The U.S. cotton industry has obtained amendments to national fire and building codes that had classified densely packed baled cotton as a hazardous material.
In addition, after testimony from the National Cotton Council and others, cotton gins were exempted from general industry standards for fire codes. Fire marshals in some states considered seed cotton the same as loose fiber for fire and building codes and also considered cotton as a highly combustible material for storage.
If the codes and classification had not been amended, it would have increased insurance costs, paperwork and new gin and warehouse construction costs significantly, according to the NCC.
Final approval of the revisions is expected this fall.
This is the second time in 10 years that the industry has addressed perceptions of densely-packed cotton bales as hazardous materials, according to Phil Wakelyn, National Cotton Council senior scientist of environmental health and safety.
“The first time, in the mid-1990s, the cost of shipping cotton was rising due to higher insurance and additional paperwork,” he said. “The Department of Transportation and the International Maritime Organization considered cotton a 4.1 flammable solid. It had to have certain hazardous duty papers.”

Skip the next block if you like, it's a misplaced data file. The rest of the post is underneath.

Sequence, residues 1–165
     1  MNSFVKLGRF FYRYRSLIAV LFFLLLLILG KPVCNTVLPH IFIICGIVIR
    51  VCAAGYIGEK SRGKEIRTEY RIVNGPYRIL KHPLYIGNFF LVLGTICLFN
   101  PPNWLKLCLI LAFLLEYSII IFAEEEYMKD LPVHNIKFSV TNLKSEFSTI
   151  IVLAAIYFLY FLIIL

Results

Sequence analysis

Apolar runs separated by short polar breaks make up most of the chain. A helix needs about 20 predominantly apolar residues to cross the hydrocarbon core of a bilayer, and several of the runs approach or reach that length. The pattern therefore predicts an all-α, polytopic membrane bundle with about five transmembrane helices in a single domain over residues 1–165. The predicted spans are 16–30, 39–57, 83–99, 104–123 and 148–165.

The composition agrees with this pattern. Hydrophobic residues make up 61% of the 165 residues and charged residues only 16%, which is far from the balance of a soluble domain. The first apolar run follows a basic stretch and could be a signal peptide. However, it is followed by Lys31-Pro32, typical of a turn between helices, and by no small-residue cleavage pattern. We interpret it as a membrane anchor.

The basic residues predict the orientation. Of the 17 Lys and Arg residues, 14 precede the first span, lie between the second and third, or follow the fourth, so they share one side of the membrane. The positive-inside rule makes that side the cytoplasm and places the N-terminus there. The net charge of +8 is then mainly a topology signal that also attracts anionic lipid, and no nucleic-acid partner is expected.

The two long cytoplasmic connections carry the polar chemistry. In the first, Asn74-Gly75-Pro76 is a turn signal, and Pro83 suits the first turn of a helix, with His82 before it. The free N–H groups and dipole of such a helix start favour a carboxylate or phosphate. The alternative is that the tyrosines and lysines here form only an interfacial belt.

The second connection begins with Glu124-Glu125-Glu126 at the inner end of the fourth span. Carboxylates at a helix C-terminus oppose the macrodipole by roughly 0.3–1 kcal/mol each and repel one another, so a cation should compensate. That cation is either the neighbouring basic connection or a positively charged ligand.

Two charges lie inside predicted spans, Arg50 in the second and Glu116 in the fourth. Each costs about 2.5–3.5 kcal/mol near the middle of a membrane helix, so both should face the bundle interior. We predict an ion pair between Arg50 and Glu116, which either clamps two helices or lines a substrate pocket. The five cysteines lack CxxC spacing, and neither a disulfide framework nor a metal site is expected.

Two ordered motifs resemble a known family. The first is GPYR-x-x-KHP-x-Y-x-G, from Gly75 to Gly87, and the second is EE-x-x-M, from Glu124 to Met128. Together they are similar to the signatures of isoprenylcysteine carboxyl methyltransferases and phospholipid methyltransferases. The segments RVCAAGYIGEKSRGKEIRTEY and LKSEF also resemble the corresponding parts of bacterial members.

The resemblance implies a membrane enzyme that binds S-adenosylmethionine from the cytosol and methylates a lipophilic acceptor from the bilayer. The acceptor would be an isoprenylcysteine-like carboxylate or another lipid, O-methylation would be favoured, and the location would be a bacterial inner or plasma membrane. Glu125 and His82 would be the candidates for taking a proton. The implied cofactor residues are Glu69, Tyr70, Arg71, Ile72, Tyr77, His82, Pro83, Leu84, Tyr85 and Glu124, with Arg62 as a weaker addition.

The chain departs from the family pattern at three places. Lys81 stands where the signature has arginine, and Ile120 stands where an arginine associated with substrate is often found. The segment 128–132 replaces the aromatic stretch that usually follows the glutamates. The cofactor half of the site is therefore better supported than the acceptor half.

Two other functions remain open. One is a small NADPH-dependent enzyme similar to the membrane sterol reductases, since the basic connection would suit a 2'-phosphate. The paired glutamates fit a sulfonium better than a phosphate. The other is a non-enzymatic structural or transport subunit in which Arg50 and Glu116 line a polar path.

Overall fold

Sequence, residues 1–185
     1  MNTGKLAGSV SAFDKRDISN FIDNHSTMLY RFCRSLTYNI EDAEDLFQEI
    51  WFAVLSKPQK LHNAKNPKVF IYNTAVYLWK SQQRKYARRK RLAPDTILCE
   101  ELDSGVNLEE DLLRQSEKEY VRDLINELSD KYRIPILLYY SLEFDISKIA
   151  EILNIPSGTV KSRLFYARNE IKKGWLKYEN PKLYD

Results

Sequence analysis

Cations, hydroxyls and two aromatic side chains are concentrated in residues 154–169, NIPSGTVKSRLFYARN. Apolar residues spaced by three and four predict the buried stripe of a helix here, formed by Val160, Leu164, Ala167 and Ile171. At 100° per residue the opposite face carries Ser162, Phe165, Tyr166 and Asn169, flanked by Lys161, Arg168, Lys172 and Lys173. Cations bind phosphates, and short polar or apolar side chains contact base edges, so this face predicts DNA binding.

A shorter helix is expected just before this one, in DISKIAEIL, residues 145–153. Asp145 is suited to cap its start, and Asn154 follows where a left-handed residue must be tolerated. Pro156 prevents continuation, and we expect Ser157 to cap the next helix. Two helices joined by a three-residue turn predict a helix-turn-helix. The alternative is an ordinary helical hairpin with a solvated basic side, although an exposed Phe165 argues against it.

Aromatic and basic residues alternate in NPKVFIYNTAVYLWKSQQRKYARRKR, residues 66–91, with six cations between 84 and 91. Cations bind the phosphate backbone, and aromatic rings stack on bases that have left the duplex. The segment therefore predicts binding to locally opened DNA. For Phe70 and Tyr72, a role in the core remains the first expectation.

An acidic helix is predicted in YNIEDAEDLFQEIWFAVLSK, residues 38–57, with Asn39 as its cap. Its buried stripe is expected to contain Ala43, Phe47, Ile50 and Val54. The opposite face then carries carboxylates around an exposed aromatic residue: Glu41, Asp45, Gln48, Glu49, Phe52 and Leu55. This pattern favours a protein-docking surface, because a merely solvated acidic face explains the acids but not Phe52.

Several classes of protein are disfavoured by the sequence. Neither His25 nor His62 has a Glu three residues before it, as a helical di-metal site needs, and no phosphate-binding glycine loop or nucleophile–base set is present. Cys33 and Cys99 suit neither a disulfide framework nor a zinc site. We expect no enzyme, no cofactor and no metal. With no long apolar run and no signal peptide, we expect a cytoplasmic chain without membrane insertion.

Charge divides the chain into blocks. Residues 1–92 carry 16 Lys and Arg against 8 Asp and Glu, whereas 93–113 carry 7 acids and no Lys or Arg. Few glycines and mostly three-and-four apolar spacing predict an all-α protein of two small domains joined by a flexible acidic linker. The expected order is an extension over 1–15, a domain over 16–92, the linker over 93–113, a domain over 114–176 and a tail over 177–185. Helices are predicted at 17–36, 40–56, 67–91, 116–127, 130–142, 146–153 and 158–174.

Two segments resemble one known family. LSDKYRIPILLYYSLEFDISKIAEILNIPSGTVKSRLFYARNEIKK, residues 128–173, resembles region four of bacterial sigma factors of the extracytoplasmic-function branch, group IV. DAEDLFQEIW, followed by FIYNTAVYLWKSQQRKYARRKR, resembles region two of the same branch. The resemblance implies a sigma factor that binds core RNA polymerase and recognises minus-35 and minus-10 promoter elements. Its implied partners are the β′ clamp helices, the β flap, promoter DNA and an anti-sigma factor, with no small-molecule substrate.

The American Cotton Shippers Association asked the NCC to request changes to the Department of Transportation and the International Maritime Organization rules for vessel shipment of baled cotton.
Wakelyn and a team of researchers ran standard tests that the Department of Transportation uses as well as other flammability tests. “We couldn't demonstrate spontaneous combustion with science. It would have to reach 700 degrees to ignite.”
The team also conducted tests on fire-packed bales, to determine whether an internal smoldering fire would eventually break through a bale and spread to others.
Ed Hughs, agricultural engineer at the USDA Ginning Laboratory in Las Cruces, N.M., showed in laboratory studies that when fire was initiated inside densely-packed bales, they do not sustain combustion.
The study showed that internal fires can smolder and eventually break out in a bale that is compressed under 14 pounds per cubic foot. Fire will not break out if the bale compression is greater than 14 pounds per cubic foot. U.S. cotton bales are compressed to 22 pounds per cubic foot, “so we have over a 50 percent safety factor built in,” Wakelyn said.
Cotton bales also passed a very severe open flame test, as well as match and cigarette tests.
The research was put into a petition and presented to the Department of Transportation and the International Maritime Organization. In 1999, the International Maritime Organization removed cotton as a flammable hazard and no longer required special papers for shipping. The U.S. Department of Transportation followed suit.